Dreaming of a white Christmas? This map shows where there will most likely be snow on the ground on Dec. 25, as well as the places where the probability of that happening has a snowball’s chance in — well, you know.
The National Oceanic and Atmospheric Administration (NOAA) has released an interactive map of the lower 48 states that shows the historic probability that a place will have at least one inch of snow on the ground on Dec. 25.
It draws on three-decade averages of several climatological measurements, including daily and monthly normal temperatures, precipitation, snowfall, frost/freeze dates and more from about 9,800 NOAA National Weather Service stations across the country.
The darkest gray areas show places where the probability of seeing a white coverlet of snow coating the yard on Christmas Day is less than 10%. It should come as no surprise that warmer and dryer spots along the West Coast, the Gulf Coast and the Deep South are the least likely to see any snow on Christmas.
The white areas, on the other hand, suggest places where the probability of waking up to Christmas snowdrifts is greater than 90%. These snowy spots include Minnesota, Maine, upstate New York, the Allegheny Mountain country of Pennsylvania and West Virginia, the Rockies and the Sierra Nevada Mountains, as well as anywhere in Idaho.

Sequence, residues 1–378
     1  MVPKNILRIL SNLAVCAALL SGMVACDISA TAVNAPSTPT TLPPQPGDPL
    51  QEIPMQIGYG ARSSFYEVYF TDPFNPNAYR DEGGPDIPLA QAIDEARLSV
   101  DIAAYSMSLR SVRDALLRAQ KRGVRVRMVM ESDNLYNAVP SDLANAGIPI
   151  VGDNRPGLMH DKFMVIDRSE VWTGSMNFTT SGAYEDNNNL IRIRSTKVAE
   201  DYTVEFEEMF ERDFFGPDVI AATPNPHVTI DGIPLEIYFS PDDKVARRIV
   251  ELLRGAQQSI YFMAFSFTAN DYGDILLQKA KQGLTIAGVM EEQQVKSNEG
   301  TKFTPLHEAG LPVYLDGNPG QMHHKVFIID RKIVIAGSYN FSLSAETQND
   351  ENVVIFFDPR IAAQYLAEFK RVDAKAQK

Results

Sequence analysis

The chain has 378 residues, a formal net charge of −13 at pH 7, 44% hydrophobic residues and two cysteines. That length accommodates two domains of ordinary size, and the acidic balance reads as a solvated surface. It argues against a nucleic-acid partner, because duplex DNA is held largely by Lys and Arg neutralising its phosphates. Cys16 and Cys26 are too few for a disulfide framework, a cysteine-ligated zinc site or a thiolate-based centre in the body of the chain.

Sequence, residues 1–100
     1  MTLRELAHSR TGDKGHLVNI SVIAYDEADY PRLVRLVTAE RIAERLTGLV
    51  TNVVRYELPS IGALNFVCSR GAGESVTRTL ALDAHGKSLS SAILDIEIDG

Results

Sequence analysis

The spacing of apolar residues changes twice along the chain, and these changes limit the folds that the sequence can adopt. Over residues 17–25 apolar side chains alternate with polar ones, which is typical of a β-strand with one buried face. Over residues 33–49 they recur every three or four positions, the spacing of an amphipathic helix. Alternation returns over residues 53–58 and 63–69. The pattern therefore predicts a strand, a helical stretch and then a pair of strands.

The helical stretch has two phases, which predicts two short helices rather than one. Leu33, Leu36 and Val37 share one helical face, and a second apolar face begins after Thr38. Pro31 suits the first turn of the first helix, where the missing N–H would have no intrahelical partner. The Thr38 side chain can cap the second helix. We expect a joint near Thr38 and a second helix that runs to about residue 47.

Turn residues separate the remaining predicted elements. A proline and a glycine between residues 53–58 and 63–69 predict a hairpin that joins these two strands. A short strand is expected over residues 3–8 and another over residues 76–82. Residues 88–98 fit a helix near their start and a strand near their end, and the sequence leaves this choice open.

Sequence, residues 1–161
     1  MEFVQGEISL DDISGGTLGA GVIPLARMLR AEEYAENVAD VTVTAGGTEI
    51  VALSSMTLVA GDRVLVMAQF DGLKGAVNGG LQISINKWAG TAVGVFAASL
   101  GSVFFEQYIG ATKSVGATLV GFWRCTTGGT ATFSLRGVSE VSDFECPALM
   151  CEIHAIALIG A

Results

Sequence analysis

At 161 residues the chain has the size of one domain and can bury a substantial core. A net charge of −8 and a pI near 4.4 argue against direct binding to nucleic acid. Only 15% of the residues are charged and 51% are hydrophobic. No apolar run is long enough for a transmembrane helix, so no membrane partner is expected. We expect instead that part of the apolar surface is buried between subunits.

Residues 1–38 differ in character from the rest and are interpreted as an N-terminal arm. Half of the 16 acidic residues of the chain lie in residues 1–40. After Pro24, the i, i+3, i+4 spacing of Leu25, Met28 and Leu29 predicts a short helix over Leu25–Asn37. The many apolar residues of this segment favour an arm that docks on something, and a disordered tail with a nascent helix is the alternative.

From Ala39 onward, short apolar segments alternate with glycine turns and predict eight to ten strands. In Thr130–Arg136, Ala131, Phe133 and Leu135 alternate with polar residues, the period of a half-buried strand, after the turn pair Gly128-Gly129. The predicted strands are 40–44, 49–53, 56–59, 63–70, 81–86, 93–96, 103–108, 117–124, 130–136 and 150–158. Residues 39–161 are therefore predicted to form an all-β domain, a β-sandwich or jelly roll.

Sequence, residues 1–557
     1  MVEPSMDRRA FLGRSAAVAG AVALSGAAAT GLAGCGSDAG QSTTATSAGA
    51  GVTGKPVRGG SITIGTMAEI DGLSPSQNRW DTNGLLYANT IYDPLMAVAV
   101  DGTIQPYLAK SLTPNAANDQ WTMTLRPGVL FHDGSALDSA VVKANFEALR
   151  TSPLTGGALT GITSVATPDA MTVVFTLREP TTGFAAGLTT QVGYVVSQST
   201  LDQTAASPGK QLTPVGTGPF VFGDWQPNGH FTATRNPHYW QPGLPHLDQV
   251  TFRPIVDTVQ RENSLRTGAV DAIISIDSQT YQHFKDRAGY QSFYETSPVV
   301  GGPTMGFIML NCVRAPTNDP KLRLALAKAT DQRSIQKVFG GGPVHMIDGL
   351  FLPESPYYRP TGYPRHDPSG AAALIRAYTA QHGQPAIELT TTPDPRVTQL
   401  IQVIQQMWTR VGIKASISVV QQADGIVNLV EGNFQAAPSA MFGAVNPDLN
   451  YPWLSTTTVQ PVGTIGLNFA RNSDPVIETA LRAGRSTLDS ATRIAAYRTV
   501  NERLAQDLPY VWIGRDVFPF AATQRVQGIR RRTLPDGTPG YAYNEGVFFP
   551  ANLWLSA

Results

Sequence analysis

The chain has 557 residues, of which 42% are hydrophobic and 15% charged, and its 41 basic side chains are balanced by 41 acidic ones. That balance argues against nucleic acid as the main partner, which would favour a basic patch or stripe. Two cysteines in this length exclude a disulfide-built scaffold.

Indeed, the first wintry storm of the season already began dropping wet, heavy snow on New England over the weekend, leaving about 200,000 Maine residents without power on Saturday.
Click on NOAA’s interactive White Christmas map here for a closer look at your local forecast.
Of course, predicting the weather is a notoriously imperfect science, so your actual weather conditions on Dec. 25 may vary. NOAA suggests that consumers use this map as a guide to show where snow on the ground is more likely — which can help with making purchasing decisions such as whether to invest in snow tires on your vehicle, or how much to tip a delivery person when they’re delivering your Grubhub order through the white and drifted snow.
And the NOAA report recommends that you look up your local forecast at Weather.gov for the most accurate Christmas Day weather prediction in your neck of the woods.